Getting Personal: Reflexivity, Positionality, and Feminist Research*


  • Kim V. L. England

    1. KIM V. L. ENGLAND is Assistant Professor of Geography at Scarborough College, University of Toronto, Scarborough, Ontario, MIC 1A4. Her research interests include local labor markets, gender identities and the urban built environment, and feminist methodologies.
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    I want to thank Mike Bradshaw, Rosemary Coombe, Mireya Folch-Serra, Ted Relph, Sue Ruddick, the reviewers, and the editor for their comments on an earlier draft of this paper. Thanks also go to Muriel and Stan England for their patience and understanding, and to Heidi Nast for organizing the session on which this paper is based and for her encouragement to write about a “failed project.” The support of a Connaught New Staff Grant and a grant from the Humanities and Social Science Committee of the University of Toronto is gratefully acknowledged.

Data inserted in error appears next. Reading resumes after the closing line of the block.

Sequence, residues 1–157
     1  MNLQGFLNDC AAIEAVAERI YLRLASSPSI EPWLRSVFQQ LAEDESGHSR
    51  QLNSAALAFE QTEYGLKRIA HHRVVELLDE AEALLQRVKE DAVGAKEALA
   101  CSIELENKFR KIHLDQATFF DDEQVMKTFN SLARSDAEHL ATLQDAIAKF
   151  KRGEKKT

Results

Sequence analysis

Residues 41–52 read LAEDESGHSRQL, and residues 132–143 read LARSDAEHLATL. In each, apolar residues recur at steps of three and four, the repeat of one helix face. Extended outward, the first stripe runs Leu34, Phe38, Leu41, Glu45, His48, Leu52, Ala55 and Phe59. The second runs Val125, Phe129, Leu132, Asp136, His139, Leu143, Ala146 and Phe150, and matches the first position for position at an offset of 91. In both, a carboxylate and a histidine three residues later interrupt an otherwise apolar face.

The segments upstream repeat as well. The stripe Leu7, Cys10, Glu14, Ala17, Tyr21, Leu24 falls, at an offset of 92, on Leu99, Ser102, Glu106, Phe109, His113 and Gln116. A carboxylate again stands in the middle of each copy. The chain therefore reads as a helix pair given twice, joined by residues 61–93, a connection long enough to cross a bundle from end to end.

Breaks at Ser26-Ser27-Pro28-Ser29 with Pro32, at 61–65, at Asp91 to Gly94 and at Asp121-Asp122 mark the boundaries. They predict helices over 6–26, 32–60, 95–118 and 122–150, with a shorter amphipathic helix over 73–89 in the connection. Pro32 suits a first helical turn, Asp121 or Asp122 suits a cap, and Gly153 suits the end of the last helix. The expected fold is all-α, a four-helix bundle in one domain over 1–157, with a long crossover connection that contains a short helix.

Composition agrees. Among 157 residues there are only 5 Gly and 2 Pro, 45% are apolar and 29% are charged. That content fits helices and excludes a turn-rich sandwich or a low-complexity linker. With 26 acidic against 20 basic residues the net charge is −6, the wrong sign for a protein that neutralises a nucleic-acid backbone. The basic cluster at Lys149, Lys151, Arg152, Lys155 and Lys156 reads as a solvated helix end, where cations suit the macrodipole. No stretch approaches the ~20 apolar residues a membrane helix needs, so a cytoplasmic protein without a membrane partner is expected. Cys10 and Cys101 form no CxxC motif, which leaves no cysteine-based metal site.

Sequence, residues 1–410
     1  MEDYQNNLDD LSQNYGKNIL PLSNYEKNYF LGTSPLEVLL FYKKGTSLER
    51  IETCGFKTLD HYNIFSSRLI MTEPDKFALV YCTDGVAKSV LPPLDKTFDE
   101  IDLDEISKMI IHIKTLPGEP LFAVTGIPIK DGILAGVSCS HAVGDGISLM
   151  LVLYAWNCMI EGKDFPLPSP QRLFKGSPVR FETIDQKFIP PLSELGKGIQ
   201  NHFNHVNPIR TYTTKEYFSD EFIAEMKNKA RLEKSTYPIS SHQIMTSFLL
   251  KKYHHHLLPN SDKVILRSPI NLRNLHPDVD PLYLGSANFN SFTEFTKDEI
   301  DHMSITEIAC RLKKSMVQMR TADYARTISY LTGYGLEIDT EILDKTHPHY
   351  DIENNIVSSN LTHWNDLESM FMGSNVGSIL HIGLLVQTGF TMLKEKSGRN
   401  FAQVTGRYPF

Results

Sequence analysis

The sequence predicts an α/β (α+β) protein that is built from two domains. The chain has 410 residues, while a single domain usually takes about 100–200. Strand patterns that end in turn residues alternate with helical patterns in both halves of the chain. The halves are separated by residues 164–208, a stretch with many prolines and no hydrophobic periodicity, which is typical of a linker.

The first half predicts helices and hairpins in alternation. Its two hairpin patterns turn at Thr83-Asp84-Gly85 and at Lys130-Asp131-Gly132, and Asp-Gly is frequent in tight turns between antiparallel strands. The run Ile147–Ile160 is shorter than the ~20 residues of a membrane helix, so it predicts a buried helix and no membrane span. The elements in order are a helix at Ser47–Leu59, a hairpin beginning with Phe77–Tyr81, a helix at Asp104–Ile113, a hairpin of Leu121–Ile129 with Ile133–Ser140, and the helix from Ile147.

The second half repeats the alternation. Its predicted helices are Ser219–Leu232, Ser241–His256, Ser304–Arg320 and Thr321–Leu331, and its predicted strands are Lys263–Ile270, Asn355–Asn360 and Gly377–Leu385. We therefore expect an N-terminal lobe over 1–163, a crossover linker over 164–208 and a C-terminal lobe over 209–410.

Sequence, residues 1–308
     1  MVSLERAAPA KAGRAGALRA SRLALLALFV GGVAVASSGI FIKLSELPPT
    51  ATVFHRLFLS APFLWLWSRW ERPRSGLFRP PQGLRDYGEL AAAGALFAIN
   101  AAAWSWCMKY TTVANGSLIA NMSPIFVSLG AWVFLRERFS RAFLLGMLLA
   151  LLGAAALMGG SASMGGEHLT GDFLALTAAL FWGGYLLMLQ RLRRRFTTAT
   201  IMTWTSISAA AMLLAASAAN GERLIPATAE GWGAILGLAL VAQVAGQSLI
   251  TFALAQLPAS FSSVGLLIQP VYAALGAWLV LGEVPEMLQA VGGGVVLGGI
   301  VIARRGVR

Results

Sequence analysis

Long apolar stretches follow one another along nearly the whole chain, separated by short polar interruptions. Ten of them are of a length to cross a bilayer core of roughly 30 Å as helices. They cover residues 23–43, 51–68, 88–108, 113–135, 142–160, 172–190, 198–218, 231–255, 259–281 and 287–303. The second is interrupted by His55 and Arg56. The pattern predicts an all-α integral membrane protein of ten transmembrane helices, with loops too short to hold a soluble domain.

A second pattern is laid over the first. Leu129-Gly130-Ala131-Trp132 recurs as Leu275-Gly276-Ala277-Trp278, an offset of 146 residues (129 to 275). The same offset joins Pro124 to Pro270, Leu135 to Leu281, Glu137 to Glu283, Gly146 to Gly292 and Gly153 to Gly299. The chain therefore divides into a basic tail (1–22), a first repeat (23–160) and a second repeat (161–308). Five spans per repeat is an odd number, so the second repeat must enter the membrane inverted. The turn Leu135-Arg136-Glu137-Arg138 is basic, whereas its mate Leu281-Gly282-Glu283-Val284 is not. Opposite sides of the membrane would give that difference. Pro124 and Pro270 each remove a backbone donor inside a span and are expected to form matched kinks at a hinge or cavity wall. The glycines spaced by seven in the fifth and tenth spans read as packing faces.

Feminist and poststructural challenges to objectivist social science demand greater reflection by the researcher with the aim of producing more inclusive methods sensitive to the power relations in fieldwork. Following a discussion of contrasting approaches to these power relations, I present a reflexive examination of a research project on sexual identities. My reflections highlight some of the key ethical questions that face researchers conducting fieldwork, especially with regard to the relationship between the researcher and those being researched. My discussion of these dilemmas reflect the situated and partial nature of our understanding of “others.” I argue that the researcher's positionality and biography directly affect fieldwork and that fieldwork is a dialogical process which is structured by the researcher and the participants.